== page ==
Bear Flag and Lone Star:
Two Imperial Powers and Their Stereotypes
W. H. HUTCHINSON*
COMPARISONS WELL MAY BE ODOROUS, AS AN ENGLISH POACHER AND
poet once remarked, but with your permission, one must be made.
I find myself today in a situation most comparable to that of a young
law student at Ohio State University some years past. This bud-
ding barrister was confronted by graduation and its concomitant sep-
aration from the parental payroll. Seeking to prevent creeping
poliomyelitis of the exchequer, he sent numerous letters throughout
the nation extolling his personal virtues and the merit inherent in
his impending sheepskin. His first lesson with the facts of life, some-
thing that all graduates face sooner or later, came with the receipt
of but one reply expressing interest in his desire to shed the light of
his learning upon some unsuspecting community.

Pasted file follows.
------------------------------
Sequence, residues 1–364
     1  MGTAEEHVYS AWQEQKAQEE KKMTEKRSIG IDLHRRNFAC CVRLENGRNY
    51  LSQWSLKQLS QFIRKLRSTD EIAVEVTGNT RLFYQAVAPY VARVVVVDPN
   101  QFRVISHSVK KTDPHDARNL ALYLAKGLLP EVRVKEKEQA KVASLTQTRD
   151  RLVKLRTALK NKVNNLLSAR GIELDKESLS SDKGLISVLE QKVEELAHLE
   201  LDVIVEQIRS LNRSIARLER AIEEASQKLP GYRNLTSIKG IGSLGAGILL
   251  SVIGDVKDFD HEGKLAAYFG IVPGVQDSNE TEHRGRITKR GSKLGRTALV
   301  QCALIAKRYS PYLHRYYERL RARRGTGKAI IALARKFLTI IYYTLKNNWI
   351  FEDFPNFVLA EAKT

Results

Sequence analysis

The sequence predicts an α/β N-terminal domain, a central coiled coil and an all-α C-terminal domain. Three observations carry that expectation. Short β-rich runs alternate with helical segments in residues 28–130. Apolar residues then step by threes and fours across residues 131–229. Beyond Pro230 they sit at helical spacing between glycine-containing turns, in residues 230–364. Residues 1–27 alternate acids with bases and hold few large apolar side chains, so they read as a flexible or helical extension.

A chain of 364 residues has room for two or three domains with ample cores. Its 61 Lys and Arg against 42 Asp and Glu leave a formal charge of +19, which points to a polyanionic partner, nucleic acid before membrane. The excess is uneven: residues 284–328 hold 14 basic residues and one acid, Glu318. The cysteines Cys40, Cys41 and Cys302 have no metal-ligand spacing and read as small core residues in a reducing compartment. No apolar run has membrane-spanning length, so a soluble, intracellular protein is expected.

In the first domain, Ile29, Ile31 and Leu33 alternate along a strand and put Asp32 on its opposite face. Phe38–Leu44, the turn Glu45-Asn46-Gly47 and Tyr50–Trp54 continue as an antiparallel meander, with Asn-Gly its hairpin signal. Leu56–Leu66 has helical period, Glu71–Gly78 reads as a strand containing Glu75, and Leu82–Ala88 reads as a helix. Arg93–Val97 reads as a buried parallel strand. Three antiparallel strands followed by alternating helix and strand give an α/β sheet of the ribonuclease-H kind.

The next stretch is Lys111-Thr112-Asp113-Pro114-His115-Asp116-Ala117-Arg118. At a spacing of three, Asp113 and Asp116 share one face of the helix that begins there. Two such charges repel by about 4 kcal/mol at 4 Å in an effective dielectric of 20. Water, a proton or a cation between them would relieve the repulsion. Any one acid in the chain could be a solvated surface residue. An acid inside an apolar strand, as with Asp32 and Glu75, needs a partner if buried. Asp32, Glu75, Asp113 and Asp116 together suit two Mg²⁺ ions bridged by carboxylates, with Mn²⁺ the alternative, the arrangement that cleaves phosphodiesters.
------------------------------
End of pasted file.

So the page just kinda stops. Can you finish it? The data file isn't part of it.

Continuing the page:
This reply came from the optimistic seat of a Trans-Pecos county. It
said in effect that Bugscuffle, Texas, could use another lawyer, that
his claim to be an honest lawyer would make him a rarity in their
midst, and that his Republican affiliation presented no undue hazard,
because the game laws of Texas would protect him. I trust that the
hospitality of these same game laws will be extended to a Californian
far from home as he essays to discuss some matters of possible value
to your understanding of both states.
When your director, Joe B. Frantz, first approached me to speak
here today, he did so after the manner of a wise and kindly uncle
about to give his favorite nephew a new, red wagon. My cautious re-
action was "What do you want me to talk about?" Quoth he, "About
forty minutes," and this seemed within my capabilities. Then Tuffly
Ellis asked me to submit a title for my talk and I realized with a
sinking feeling that "Uncle Joe" Frantz had sold me down the San
You see, when you put a title on a talk, your audience has the right
to expect some connection, however vague, between title and con-
*Mr. Hutchinson is professor of history at Chico State College, Chico, California.
This address was delivered at the Saturday luncheon of the Association's seventy-second
annual meeting, San Antonio, May 18, 1968.
Texas State Historical Association. The Southwestern Historical Quarterly, Volume 72, July 1968 - April, 1969. Austin, Texas. The Portal to Texas History. http://texashistory.unt.edu/ark:/67531/metapth117146/. Accessed January 27, 2015.